|Publication number||US3331697 A|
|Publication date||Jul 18, 1967|
|Filing date||Oct 22, 1963|
|Priority date||Oct 22, 1963|
|Publication number||US 3331697 A, US 3331697A, US-A-3331697, US3331697 A, US3331697A|
|Inventors||Edward J Salamon|
|Original Assignee||Allied Chem|
|Export Citation||BiBTeX, EndNote, RefMan|
|Patent Citations (7), Referenced by (9), Classifications (5)|
|External Links: USPTO, USPTO Assignment, Espacenet|
United States Patent 3,331,697 ADHESIVE COMPOSITION Edward J. Salamon, Dover, NJ., assignor to Allied Chemical Corporation, New York, N.Y., a corporation of New York No Drawing. Filed Oct. 22, 1963, Ser. No. 318,086 8 Claims. (Cl. 106-213) This invention relates to adhesives and more particularly to new and improved adhesive compositions especially adapted for bonding of gypsum and cellulosic materials. It also relates to adhesives for bonding together the gypsum based elements constituting gypsum partition systems and to the assembly of such systems.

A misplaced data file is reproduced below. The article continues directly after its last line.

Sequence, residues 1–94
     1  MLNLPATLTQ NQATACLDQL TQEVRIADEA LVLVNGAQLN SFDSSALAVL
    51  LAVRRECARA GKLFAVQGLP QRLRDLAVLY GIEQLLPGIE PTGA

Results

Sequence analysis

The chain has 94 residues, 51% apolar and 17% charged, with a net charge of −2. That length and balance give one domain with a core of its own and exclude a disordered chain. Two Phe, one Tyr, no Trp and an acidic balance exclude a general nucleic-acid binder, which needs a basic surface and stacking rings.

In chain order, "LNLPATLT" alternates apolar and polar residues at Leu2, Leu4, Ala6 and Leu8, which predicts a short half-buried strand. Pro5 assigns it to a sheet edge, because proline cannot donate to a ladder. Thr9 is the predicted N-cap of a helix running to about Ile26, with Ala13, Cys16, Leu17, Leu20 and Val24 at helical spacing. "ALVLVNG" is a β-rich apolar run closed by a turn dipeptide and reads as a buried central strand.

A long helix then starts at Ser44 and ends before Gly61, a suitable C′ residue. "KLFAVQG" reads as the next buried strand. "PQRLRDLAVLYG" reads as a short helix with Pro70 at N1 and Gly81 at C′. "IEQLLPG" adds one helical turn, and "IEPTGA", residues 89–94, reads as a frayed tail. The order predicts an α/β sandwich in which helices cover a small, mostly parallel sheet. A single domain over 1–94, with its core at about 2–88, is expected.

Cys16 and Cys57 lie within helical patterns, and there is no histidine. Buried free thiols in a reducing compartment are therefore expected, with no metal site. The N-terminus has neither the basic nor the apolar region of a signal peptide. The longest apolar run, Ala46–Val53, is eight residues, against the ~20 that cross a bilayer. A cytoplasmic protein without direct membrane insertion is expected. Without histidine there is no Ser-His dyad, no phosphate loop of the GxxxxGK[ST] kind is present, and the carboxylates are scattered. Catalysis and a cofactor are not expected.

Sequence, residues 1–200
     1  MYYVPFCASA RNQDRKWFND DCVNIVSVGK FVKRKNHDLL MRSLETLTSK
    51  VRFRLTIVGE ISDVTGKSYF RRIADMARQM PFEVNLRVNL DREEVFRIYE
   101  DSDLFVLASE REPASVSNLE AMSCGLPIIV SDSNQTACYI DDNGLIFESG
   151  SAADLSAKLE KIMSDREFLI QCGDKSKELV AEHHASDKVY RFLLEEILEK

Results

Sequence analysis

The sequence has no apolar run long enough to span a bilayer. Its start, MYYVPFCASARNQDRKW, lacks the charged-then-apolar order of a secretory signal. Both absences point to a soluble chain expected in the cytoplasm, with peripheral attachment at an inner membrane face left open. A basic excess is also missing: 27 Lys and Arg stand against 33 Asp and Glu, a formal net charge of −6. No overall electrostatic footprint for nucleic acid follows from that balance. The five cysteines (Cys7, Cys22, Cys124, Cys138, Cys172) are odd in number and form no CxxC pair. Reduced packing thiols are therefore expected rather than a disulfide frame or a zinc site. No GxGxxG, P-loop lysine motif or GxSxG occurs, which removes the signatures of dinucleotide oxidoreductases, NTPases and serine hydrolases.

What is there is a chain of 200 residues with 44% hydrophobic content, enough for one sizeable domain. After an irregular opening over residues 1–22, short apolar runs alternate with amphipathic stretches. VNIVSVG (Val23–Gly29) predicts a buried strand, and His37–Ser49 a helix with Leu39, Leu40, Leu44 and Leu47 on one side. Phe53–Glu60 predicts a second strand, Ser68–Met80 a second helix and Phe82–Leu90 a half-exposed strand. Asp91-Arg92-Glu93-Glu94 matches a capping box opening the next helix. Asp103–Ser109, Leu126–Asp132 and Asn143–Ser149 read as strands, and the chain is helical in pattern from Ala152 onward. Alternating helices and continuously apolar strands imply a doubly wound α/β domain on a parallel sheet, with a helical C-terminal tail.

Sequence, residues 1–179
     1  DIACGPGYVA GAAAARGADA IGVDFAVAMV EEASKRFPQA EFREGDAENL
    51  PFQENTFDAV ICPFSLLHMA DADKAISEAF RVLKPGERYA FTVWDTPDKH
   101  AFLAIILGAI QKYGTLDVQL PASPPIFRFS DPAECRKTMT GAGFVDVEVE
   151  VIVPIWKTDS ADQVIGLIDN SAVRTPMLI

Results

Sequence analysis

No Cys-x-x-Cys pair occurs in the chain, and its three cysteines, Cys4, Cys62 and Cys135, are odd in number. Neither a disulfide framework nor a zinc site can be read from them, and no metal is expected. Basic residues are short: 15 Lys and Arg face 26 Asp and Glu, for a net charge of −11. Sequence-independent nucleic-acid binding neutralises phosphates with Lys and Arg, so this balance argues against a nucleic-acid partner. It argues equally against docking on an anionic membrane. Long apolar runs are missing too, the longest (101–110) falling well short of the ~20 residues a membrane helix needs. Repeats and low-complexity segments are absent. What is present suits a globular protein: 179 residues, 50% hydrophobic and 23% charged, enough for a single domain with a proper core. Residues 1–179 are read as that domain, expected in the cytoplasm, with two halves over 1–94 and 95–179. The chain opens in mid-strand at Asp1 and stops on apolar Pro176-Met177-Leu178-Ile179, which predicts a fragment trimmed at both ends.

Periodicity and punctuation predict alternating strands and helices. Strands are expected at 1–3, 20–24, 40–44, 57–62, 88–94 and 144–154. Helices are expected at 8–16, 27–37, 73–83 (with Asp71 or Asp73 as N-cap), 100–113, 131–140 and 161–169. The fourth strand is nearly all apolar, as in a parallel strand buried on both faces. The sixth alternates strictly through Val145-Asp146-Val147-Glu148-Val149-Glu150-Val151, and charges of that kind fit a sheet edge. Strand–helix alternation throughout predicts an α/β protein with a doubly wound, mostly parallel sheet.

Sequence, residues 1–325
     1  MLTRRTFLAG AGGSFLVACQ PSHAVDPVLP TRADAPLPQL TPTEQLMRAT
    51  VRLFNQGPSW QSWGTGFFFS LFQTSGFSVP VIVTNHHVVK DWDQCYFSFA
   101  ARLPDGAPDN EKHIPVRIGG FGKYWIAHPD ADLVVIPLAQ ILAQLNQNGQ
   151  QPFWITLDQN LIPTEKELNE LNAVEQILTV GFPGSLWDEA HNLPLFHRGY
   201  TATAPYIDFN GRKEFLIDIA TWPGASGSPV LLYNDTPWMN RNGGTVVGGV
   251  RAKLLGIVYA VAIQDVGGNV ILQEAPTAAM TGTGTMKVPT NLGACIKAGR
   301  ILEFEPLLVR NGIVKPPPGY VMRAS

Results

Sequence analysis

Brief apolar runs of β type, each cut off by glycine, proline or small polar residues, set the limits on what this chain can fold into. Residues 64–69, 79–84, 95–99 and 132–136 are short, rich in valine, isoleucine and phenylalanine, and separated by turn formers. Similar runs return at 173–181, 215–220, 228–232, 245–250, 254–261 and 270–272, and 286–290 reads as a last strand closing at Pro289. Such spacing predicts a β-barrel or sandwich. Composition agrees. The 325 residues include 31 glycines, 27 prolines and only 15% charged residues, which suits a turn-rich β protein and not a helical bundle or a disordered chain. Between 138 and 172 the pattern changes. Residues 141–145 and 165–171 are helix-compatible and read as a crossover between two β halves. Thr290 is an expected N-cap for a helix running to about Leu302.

New adhesive materials are always in demand for several reasons including the bonding of new materials and in making possible the assembly and use of more advanced and efiicient structures. Non-load bearing gypsum partitions are Well-known and include a wide variety of difierent structural systems. The basic structural element of these partition systems is gypsum wallboard which is a laminate composed mainly of a gypsum board or core covered on at least one and usually both sides with a relatively thin sheet of cellulosic material such as heavy paper or cardboard. Gypsum partition system are conventionally assembled with fasteners of various types or with adhesives or by combination of both fasteners and adhesive materials. Many of the proposed partition systems are solid throughout and constructed of a number of gypsum wall boards laminated together while others are basically stud type systems having two wallboards separated and supported by a vertical member which may be metal, wood, or even a gypsum based material such as that which may be derived from gypsum wallboard itself. New partition systems are proposed with fairly good regularity in an effort to provide stronger, more simplified and efiicient structures. Many of these improved systems rely heavily upon adhesive materials for strength, stability, and efiiciency in assembly. For example, a partition system based on a gypsum stud member usually requires an adhesive material of exactingspecifications for full realization of its advantages. Unfortunately, adhesive materials heretofore suitable for gypsum wallboard have left considerable room for improvement and have been less than fully adequate for use with the more advanced and simplified systems.